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Wednesday 10 June 2015

‘Star Fall’ By Cynthia Harrod-Eagles

Published by Severn House,
March 1, 2015.
ISBN: 978-0-7278-8460-2 (HB)

As this new novel (and the eighth entry in the series) by Cynthia Harrod-Eagles opens, her protagonist, DI Bill Slider, of the Shepherd’s Bush CID, is jolted out of his post-Christmas lull when he is called to the scene of a homicide, the victim being a “sort of telly personality,” 58-year-old Rowland Egerton, a presenter on a show called “Antiques Galore!” and self-styled expert in the field.  The body had been found by the deceased’s partner in an antiques shop, John Lavender, his friend of over 20 years.  The immediate presumption is that it had been a burglary gone wrong, when it is discovered that two items were missing from the antiques-laden home, their value not immediately apparent.  Suspicion immediately falls on Lavender, seemingly the obvious suspect, although the ensuing investigation indicates that the victim, although quite a ladies man, “wasn’t a very popular man among people who knew him, but no-one seems to have hated him enough to kill him . . . adored by his fans and generally not much liked by his colleagues.”  So the suspect pool is soon much larger.

Because of the dead man’s popularity as a “darling of daytime TV,” pressure soon mounts for the case to be solved quickly.  Billed very accurately as a procedural, much as it must be in real life, the case is painstakingly examined and investigated, very slowly and closely.  There is only a small degree of suspense, since suspicions are only that until, with great difficulty, proven.  However, as with all series entries, the writing is lovely, and the slow pace only minimally distracting.

The usual cast of characters is present:  Slider’s wife, Joanna (a Royal London Philharmonic violinist, now on a leave of absence), recovering from a miscarriage; his colleagues on the force, most conspicuously DS Jim Atherton, his second in command and right-hand man; D.C. Connolly; and DS Fred Porson, he of the “mangled aphorism” and master of malapropisms of whom the author says, “it was his way to fling words at meaning and see what stuck.”  Descriptions in general are charming:  A cold night with “a ‘lazy wind’ - - too lazy to go round you, went straight through you instead;” “the sound of a door buzzer, harsh and threatening like a wasp with a headache;” and Lavender a man whose “bags under his eyes were so big you could have called them steamer trunks.”  Carefully plotted, the book is another winner from this author, and is recommended.
Reviewer: Gloria Feit

Cynthia Harrod-Eagles was born in Shepherd's Bush in London. She was educated at Burlington School, a girls' charity school founded in 1699, and at the University of Edinburgh and University College London, where she studied English, history and philosophy. She wrote her first novel while at university and in 1972 won the Young Writers' Award with The Waiting Game. Afterwards she had a variety of jobs in the commercial world, while writing during the evenings and weekends. The birth of the Morland Dynasty series enabled her to become a full-time writer in 1979. The series was originally intended to comprise twelve volumes, but it has proved so popular that it has now been extended to thirty-four.In 1993 she won the RNA Novel of the Year Award with Emily, the third volume of her Kirov Saga, a trilogy set in nineteenth century Russia, and she also writes the internationally acclaimed Bill Slider Mysteries.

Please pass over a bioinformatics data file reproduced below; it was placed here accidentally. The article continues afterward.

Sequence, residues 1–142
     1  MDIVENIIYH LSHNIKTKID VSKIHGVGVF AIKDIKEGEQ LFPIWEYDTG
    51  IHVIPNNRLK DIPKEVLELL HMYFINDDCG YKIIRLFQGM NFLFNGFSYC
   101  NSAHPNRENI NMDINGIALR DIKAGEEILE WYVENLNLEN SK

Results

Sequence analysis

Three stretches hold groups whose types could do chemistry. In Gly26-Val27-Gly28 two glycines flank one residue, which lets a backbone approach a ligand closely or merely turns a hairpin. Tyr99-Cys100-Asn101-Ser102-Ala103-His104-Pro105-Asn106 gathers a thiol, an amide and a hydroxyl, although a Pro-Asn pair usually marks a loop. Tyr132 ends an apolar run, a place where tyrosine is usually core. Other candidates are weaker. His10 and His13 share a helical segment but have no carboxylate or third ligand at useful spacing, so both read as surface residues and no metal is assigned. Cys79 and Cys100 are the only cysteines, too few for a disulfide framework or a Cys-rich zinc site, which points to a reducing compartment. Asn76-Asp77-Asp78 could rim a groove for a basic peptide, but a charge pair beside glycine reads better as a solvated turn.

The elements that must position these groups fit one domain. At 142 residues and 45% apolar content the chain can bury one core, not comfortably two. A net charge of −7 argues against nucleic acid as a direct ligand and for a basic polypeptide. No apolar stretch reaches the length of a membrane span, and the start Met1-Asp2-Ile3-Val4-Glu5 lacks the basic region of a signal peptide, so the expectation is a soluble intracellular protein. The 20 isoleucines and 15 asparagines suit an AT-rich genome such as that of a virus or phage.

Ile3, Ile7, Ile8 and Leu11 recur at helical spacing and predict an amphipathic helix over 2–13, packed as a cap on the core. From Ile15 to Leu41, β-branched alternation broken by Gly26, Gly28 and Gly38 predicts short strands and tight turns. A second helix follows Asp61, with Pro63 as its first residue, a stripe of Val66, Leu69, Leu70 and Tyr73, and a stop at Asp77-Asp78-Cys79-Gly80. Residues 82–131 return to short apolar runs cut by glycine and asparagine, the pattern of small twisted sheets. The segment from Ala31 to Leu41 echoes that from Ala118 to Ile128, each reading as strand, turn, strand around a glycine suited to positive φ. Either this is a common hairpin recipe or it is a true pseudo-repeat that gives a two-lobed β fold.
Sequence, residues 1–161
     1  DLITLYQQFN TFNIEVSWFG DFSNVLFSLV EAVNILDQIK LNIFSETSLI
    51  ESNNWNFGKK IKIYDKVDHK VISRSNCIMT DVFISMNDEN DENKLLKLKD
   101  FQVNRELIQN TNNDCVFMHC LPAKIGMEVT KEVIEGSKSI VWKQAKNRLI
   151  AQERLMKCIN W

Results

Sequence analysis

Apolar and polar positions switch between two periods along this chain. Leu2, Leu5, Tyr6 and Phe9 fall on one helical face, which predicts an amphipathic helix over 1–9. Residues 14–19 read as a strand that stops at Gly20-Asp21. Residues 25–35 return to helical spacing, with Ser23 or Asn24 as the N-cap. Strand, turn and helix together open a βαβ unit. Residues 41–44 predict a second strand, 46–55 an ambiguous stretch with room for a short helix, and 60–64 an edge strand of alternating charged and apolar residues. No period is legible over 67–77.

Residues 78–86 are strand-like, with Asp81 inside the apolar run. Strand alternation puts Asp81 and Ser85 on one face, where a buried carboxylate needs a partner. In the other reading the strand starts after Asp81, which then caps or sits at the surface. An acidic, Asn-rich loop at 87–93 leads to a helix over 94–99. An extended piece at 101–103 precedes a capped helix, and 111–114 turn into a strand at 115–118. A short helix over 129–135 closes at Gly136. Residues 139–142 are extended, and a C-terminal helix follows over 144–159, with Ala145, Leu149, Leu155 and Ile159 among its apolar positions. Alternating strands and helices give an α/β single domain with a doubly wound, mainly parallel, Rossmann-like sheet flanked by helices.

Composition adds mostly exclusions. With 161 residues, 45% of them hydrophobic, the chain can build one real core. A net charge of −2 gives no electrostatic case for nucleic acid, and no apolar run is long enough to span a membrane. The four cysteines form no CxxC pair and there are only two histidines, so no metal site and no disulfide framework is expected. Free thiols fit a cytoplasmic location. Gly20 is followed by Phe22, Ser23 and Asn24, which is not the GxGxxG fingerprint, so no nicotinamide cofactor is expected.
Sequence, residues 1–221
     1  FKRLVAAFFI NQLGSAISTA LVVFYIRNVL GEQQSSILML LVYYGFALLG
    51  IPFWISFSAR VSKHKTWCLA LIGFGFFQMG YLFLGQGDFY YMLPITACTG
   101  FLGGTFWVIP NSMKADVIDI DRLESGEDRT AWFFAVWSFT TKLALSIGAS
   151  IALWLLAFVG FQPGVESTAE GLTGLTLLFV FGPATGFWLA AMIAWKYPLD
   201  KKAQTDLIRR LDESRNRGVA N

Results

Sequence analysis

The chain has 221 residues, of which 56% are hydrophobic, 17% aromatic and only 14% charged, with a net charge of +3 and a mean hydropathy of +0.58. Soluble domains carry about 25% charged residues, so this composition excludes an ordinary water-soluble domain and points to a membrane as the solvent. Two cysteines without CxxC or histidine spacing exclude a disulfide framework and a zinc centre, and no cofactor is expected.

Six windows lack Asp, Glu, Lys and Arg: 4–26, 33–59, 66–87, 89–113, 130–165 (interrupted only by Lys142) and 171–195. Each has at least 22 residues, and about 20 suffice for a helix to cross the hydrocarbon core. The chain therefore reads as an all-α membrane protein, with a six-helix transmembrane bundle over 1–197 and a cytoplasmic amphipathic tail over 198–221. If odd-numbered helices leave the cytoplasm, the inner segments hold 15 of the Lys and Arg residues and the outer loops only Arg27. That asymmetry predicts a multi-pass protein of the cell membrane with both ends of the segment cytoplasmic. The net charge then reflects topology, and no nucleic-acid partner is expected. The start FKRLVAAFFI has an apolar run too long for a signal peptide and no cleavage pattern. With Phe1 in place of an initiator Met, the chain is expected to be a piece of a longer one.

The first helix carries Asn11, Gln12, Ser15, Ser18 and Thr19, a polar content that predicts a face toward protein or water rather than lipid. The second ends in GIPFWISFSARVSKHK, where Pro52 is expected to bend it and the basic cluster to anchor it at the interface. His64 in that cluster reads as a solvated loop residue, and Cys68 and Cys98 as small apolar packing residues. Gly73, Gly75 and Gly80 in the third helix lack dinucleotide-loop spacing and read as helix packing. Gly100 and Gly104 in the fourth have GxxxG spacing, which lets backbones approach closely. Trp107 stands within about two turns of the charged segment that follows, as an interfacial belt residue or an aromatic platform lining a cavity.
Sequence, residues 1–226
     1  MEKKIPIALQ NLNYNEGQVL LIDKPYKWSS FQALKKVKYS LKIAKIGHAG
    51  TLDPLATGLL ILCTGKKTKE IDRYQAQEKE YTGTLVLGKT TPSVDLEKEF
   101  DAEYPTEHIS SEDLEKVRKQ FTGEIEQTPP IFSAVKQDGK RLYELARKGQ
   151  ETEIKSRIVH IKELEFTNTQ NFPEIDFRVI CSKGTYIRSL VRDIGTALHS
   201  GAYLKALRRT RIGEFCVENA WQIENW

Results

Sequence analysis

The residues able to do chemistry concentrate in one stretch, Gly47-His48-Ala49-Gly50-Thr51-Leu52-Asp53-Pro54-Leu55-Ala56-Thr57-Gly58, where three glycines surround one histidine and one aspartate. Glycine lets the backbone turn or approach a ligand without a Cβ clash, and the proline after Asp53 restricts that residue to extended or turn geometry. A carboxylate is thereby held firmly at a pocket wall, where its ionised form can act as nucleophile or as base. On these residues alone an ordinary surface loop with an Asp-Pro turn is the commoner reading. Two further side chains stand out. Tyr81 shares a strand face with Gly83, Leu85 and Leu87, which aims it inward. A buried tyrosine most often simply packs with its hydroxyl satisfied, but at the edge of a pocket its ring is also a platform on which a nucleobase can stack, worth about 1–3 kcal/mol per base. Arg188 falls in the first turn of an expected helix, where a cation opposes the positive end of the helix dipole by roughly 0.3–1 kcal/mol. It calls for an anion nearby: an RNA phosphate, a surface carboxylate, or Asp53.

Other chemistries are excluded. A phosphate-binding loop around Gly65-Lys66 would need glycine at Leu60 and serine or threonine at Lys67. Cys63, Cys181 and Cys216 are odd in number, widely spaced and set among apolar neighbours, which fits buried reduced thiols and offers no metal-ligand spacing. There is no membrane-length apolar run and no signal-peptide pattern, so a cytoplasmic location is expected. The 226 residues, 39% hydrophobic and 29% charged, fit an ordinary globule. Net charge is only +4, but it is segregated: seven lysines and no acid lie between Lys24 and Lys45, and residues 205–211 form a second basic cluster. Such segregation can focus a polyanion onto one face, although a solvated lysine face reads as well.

Cynthia Harrod-Eagles still lives in London, has a husband and three children, and apart from writing her passions are music (she plays in several amateur orchestras) horses, wine, architecture and the English countryside.

Ted and Gloria Feit live in Long Beach, NY, a few miles outside New York City.  For 26 years, Gloria was the manager of a medium-sized litigation firm in lower Manhattan. Her husband, Ted, is an attorney and former stock analyst, publicist and writer/editor for, over the years, several daily, weekly and monthly publications.  Having always been avid mystery readers, and since they're now retired, they're able to indulge that passion.  Their reviews appear online as well as in three print publications in the UK and US.  On a more personal note: both having been widowed, Gloria and Ted have five children and nine grandchildren between them.

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